LAS VEGAS -- Muay Thai instructor Diogenes Assahida has known Anderson Silva for more than a decade and cornered him throughout his legendary career.
It takes him three words to describe what went wrong July 6, when Silva suffered the first loss of his UFC career -- a second-round TKO to Chris Weidman.
“Lack of motivation,” Assahida told ESPN.com, through interpreter Derek Lee.
Assahida, who lives and trains fighters out of Curitiba, Brazil, first observed Silva in the late 1990s in Vale Tudo competition. He would eventually appear in his corner, while Silva was fighting for Cage Rage promotion.
He was part of the Brazilian's camp when he first fought in the UFC, against Chris Leben in 2006. He was in Silva’s corner when he took the middleweight title from Rich Franklin via first-round TKO at UFC 64.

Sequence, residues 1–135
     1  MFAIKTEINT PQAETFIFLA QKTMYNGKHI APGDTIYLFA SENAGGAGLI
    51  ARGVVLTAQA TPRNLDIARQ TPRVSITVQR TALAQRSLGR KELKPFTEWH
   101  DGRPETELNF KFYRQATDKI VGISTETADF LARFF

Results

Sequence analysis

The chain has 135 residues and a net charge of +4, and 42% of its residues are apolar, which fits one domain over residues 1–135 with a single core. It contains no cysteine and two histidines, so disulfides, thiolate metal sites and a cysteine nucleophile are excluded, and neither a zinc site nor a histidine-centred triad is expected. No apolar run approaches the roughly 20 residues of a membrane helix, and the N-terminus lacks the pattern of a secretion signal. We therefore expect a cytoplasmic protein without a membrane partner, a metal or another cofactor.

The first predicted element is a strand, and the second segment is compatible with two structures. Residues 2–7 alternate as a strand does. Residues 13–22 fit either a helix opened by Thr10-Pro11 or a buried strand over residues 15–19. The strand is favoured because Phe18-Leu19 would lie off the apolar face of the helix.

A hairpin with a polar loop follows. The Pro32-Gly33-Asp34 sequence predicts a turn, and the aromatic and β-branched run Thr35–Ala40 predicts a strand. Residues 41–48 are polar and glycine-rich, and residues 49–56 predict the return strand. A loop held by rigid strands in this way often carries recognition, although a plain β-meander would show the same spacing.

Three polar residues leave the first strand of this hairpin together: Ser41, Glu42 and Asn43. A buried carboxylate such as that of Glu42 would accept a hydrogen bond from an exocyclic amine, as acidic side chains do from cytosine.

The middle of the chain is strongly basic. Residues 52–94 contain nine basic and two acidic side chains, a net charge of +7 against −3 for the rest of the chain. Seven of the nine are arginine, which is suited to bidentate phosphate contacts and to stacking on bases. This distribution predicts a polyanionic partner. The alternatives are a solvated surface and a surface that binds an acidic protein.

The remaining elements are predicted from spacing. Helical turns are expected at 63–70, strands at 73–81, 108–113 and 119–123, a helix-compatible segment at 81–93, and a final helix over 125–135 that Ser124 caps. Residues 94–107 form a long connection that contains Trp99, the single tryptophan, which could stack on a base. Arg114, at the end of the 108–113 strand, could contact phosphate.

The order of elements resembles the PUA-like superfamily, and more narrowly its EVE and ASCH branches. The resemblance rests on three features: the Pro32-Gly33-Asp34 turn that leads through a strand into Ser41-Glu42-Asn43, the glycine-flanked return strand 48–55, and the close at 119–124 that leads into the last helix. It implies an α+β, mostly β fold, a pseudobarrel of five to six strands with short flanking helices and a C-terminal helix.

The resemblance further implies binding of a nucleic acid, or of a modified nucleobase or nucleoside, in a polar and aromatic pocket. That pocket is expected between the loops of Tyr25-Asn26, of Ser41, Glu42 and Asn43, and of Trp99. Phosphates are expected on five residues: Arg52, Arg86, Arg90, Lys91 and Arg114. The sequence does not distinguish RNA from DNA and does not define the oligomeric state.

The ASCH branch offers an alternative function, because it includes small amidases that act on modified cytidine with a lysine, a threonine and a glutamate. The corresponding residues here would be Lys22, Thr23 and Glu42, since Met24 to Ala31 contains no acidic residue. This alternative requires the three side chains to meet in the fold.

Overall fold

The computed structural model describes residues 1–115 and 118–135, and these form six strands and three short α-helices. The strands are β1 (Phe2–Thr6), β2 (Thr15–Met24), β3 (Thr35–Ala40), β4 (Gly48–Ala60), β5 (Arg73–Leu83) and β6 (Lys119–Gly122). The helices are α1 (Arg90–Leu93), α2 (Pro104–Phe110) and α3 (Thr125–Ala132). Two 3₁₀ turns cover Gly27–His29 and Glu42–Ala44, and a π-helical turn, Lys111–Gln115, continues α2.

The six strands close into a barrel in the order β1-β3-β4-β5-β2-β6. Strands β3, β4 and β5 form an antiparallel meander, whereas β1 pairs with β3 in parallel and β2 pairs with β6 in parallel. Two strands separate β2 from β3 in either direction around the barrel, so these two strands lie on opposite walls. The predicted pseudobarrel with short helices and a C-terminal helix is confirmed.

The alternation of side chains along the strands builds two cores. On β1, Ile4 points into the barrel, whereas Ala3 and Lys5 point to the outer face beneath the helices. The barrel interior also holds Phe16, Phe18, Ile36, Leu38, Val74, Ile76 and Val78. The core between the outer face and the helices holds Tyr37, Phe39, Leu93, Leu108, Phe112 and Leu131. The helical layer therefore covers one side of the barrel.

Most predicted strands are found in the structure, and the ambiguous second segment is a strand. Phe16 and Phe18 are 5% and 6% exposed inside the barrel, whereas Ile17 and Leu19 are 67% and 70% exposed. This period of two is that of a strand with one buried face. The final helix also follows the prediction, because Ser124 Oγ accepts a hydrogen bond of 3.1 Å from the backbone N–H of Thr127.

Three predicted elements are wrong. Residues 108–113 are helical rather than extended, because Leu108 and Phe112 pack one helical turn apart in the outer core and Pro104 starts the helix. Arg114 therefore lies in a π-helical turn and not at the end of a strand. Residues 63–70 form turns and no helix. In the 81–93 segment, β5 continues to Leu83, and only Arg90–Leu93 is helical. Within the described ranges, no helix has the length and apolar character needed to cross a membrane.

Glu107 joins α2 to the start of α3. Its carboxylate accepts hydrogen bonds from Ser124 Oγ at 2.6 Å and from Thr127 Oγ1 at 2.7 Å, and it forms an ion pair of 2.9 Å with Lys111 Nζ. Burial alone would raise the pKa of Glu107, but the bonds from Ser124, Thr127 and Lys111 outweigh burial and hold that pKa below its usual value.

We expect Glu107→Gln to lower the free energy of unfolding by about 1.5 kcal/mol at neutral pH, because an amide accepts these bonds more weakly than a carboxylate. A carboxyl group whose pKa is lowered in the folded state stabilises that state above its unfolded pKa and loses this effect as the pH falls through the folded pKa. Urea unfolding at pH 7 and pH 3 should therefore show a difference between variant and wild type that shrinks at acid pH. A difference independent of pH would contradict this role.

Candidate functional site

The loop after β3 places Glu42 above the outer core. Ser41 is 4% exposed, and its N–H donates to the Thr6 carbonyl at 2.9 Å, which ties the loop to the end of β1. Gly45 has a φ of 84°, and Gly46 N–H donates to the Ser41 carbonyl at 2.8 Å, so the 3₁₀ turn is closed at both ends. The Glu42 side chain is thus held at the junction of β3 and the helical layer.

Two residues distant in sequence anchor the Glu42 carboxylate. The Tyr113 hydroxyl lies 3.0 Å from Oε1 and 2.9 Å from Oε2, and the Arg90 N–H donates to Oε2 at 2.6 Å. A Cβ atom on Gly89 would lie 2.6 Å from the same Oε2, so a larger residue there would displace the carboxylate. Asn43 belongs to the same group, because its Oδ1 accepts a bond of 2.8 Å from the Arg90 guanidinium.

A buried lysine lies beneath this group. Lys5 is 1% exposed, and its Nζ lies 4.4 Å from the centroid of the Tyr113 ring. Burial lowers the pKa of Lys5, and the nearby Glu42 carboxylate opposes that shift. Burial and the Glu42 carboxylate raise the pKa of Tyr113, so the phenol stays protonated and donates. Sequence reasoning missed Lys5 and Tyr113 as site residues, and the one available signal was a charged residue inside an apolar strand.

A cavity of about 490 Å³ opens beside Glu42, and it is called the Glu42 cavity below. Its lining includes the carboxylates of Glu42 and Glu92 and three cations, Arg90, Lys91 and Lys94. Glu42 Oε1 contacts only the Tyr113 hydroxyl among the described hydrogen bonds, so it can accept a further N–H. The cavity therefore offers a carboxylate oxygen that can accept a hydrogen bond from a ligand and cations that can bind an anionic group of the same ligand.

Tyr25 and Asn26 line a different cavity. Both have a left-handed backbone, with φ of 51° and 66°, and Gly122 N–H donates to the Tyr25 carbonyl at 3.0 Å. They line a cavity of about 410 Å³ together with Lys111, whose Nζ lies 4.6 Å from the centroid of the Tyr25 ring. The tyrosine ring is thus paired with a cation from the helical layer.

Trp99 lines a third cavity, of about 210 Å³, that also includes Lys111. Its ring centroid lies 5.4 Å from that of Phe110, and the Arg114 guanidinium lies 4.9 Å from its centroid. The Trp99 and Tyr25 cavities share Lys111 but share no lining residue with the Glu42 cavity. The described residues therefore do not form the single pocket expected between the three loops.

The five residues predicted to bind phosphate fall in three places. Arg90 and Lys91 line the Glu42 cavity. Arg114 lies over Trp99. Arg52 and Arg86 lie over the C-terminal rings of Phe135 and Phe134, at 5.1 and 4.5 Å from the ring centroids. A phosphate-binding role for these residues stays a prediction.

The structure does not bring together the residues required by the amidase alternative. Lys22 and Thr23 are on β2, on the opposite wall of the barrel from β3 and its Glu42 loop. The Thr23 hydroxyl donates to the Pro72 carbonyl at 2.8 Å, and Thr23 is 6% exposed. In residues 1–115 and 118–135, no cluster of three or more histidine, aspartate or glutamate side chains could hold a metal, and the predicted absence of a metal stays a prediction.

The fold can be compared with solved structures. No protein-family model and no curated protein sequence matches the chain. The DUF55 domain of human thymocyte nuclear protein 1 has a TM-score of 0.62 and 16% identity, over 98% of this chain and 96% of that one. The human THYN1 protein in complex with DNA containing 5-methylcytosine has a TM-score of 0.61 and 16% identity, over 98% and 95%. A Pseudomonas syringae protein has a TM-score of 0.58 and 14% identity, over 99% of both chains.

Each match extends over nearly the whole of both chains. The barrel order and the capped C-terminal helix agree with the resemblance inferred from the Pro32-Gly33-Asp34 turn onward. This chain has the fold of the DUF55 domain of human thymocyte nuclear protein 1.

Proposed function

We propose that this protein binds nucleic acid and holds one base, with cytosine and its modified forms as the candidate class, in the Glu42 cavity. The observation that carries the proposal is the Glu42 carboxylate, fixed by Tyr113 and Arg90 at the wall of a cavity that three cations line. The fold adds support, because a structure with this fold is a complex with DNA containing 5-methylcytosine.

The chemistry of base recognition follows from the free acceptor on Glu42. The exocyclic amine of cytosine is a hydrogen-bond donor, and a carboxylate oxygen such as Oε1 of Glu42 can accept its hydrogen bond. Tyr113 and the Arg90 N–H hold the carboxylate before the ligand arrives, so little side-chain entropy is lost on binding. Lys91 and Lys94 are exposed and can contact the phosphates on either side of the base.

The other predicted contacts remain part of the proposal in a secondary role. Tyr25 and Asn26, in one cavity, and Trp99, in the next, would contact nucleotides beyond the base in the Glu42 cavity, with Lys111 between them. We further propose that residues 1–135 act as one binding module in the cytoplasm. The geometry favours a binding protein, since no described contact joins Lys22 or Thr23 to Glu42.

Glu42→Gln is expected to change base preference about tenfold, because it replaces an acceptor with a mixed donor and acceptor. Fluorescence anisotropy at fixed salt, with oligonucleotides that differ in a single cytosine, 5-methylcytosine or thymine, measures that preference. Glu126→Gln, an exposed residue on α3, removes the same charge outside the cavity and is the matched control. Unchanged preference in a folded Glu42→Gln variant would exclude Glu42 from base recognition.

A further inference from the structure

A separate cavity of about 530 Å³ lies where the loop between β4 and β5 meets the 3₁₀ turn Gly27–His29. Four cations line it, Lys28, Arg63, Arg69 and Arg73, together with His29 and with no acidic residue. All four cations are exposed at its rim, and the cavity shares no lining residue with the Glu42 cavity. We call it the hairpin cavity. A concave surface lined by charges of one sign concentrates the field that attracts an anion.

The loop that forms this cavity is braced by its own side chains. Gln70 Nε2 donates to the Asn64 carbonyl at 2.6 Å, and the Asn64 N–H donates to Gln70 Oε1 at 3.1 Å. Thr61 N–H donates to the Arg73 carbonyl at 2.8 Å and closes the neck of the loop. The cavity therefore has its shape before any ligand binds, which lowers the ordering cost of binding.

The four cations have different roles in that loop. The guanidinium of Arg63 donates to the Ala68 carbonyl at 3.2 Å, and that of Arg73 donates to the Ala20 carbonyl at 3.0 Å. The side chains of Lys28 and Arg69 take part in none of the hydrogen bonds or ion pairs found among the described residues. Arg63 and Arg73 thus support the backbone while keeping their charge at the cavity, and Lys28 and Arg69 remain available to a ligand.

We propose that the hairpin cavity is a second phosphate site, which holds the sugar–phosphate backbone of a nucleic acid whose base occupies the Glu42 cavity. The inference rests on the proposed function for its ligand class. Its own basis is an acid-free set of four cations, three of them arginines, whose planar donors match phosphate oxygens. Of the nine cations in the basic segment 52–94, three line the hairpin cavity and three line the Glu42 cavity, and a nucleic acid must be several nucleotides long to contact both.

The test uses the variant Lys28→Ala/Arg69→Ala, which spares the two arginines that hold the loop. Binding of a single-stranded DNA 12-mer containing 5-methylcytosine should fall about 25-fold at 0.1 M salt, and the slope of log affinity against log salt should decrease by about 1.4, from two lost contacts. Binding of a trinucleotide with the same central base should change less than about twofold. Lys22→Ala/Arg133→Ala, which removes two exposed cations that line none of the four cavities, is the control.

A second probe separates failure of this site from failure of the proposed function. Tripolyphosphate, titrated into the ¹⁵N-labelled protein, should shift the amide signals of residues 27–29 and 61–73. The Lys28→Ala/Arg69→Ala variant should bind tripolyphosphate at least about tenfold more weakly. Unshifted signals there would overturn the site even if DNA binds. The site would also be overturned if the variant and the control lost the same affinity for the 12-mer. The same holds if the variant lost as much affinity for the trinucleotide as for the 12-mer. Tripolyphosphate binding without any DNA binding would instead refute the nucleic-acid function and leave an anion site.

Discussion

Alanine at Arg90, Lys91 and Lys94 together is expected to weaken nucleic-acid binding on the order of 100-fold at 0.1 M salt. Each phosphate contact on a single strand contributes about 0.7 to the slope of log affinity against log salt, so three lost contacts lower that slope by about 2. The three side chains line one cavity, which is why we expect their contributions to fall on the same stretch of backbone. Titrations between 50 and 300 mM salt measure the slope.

As Silva’s career progressed, Assahida wasn’t able to remain a consistent presence in his camp -- although the two remained in near constant contact.
When Silva meets Weidman for a second time at UFC 168 on Saturday at the MGM Grand Garden Arena, it will be the first time Assahida has been a full-time member of his camp since he fought Chael Sonnen for the first time in August 2010.
Assahida, who spent the previous six weeks with Silva in Los Angeles, said they've worked on technique but most of their focus has been mental.
“Since he started training in the beginning, he’s always worked hard to be the best -- to be the champion,” Assahida said. “In my personal opinion, I don’t know how much it matters to him to be the champion anymore, but it matters to win this fight.
“I think for a few fights, he’s had a little bit of a lack of motivation. He was tired. His mindset and his focus now look good. I’ve been with him since the beginning of this camp and I am very confident.”